I was delighted that Rolling Stone found my work significant enough to deserve feature coverage. Unfortunately, the piece [RS 1008] was full of inaccuracies and outright abrications on a factual level, as well as sensationalist distortions of my ideas. To take a few examples, the first and last scenes never actually happened. We did not visit “a bunch of people on dimethyltryptamine,” I had not seen a “downtown rock show with Moby” the night before, and there was no woman groaning on a futon. I do not have “buck teeth.” Similarly, the scene described at the end never occurred-I don’t even own a copy of The Lion King.
I found the writer’ loose relationship to truth particularly depressing when she attempted to define my ideas. I am not “actively bidding to become [my] generation’s Timothy Leary”-in fact I critique Leary quite harshly in my first book. In my work, I don’t advocate mass use of psychedelics as Leary did, and certainly do not consider them to be “the answer.”
In 2012: The Return of Quetzalcoatl, I do not argue that “the world as we know it is about to end-on December 21, 2012.” My hypothesis is that we are already in an accelerated process of consciousness evolution, and I explore the possibility that the Mayan Calendar is, as Carl Johan Calleman describes in The Mayan Calendar and the Transformation of Consciousness, a “timetable” for understanding this process.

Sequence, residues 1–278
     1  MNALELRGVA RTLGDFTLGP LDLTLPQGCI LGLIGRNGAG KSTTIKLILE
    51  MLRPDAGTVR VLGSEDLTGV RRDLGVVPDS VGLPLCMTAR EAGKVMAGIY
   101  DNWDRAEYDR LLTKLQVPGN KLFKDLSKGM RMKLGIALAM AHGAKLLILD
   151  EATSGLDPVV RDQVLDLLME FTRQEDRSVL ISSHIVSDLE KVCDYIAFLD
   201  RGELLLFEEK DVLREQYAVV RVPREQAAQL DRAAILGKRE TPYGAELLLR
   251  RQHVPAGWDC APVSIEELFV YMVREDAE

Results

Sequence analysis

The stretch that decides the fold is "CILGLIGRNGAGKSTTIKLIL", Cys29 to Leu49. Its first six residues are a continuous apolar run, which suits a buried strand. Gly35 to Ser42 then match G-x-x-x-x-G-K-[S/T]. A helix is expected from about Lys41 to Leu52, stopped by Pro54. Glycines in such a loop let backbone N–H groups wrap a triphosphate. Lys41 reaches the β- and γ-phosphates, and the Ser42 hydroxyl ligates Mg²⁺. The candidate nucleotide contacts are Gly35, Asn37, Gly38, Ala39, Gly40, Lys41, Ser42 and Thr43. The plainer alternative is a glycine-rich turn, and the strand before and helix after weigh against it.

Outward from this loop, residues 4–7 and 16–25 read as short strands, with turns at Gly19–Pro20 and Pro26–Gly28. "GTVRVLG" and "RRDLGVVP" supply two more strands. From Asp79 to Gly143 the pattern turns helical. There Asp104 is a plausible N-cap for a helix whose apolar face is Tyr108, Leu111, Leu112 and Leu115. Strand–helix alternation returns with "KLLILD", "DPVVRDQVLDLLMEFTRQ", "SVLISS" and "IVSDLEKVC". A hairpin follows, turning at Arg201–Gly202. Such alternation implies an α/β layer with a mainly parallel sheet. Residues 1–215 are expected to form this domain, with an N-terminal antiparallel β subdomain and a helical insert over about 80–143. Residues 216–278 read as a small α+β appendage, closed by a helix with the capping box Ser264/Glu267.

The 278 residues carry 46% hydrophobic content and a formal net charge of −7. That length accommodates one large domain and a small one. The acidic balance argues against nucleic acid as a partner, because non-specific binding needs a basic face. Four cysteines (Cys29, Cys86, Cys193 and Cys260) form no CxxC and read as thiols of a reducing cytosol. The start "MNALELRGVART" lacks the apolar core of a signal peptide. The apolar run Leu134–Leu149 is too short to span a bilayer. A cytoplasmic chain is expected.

I most emphatically do not argue or think that “only the psychedelic elite and those who have reached a kind of supramental consciousness” will “be saved in 2012.” I do think that a deep transformation in the mindset of those who hold power in the modern West is necessary if we are going to avert disaster in the next few years, as we approach resource depletion and biospheric collapse.
In the future, it would be wonderful to see a magazine with the rich legacy of Rolling Stone approach the living currents of the intellectual counterculture of the 1950s and 60s with far more grace, integrity, and sophistication.